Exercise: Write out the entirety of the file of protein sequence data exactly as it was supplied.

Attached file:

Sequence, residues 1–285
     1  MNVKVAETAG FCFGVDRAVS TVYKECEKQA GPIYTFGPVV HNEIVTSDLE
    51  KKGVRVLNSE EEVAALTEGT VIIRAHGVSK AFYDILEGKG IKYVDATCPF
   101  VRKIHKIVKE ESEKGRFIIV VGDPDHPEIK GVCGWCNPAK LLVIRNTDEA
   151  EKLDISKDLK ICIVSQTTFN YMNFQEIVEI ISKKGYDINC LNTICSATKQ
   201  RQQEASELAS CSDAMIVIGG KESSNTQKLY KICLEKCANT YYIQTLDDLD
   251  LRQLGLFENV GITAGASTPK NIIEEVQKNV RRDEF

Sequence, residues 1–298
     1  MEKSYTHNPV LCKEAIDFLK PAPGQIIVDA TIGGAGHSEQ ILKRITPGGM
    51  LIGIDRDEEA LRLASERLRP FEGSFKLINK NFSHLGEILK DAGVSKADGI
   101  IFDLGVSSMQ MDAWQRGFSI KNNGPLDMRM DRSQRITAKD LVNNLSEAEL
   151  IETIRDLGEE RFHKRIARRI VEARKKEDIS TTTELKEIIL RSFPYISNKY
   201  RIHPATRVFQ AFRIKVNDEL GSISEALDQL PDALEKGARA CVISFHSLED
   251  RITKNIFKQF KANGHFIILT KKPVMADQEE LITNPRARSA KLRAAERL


Sequence, residues 1–285
     1  MNVKVAETAG FCFGVDRAVS TVYKECEKQA GPIYTFGPVV HNEIVTSDLE
    51  KKGVRVLNSE EEVAALTEGT VIIRAHGVSK AFYDILEGKG IKYVDATCPF
   101  VRKIHKIVKE ESEKGRFIIV VGDPDHPEIK GVCGWCNPAK LLVIRNTDEA
   151  EKLDISKDLK ICIVSQTTFN YMNFQEIVEI ISKKGYDINC LNTICSATKQ
   201  RQQEASELAS CSDAMIVIGG KESSNTQKLY KICLEKCANT YYIQTLDDLD
   251  LRQLGLFENV GITAGASTPK NIIEEVQKNV RRDEF

Sequence, residues 1–298
     1  MEKSYTHNPV LCKEAIDFLK PAPGQIIVDA TIGGAGHSEQ ILKRITPGGM
    51  LIGIDRDEEA LRLASERLRP FEGSFKLINK NFSHLGEILK DAGVSKADGI
   101  IFDLGVSSMQ MDAWQRGFSI KNNGPLDMRM DRSQRITAKD LVNNLSEAEL
   151  IETIRDLGEE RFHKRIARRI VEARKKEDIS TTTELKEIIL RSFPYISNKY
   201  RIHPATRVFQ AFRIKVNDEL GSISEALDQL PDALEKGARA CVISFHSLED
   251  RITKNIFKQF KANGHFIILT KKPVMADQEE LITNPRARSA KLRAAERL